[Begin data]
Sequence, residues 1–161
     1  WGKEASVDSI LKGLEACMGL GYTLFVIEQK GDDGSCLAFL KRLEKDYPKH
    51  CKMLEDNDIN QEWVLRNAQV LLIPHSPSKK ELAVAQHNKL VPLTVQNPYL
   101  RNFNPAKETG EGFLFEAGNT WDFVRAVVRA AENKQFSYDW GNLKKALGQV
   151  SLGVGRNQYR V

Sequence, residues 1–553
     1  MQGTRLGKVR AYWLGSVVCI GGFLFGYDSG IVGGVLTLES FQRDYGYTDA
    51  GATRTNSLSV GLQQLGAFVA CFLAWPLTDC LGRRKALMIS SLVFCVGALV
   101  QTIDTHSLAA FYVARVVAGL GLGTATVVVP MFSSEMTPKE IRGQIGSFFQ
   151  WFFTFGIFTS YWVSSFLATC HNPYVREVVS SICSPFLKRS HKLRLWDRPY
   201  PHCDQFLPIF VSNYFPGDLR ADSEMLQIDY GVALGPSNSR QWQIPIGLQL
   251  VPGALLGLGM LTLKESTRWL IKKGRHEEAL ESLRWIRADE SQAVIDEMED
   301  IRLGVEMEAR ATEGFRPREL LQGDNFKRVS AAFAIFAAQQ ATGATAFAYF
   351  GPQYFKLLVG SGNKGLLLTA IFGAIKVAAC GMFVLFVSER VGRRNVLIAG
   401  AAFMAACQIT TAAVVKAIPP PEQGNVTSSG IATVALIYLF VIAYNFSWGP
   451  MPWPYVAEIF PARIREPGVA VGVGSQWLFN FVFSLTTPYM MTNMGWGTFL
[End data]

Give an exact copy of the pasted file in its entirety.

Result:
Sequence, residues 1–161
     1  WGKEASVDSI LKGLEACMGL GYTLFVIEQK GDDGSCLAFL KRLEKDYPKH
    51  CKMLEDNDIN QEWVLRNAQV LLIPHSPSKK ELAVAQHNKL VPLTVQNPYL
   101  RNFNPAKETG EGFLFEAGNT WDFVRAVVRA AENKQFSYDW GNLKKALGQV
   151  SLGVGRNQYR V

Sequence, residues 1–553
     1  MQGTRLGKVR AYWLGSVVCI GGFLFGYDSG IVGGVLTLES FQRDYGYTDA
    51  GATRTNSLSV GLQQLGAFVA CFLAWPLTDC LGRRKALMIS SLVFCVGALV
   101  QTIDTHSLAA FYVARVVAGL GLGTATVVVP MFSSEMTPKE IRGQIGSFFQ
   151  WFFTFGIFTS YWVSSFLATC HNPYVREVVS SICSPFLKRS HKLRLWDRPY
   201  PHCDQFLPIF VSNYFPGDLR ADSEMLQIDY GVALGPSNSR QWQIPIGLQL
   251  VPGALLGLGM LTLKESTRWL IKKGRHEEAL ESLRWIRADE SQAVIDEMED
   301  IRLGVEMEAR ATEGFRPREL LQGDNFKRVS AAFAIFAAQQ ATGATAFAYF
   351  GPQYFKLLVG SGNKGLLLTA IFGAIKVAAC GMFVLFVSER VGRRNVLIAG
   401  AAFMAACQIT TAAVVKAIPP PEQGNVTSSG IATVALIYLF VIAYNFSWGP
   451  MPWPYVAEIF PARIREPGVA VGVGSQWLFN FVFSLTTPYM MTNMGWGTFL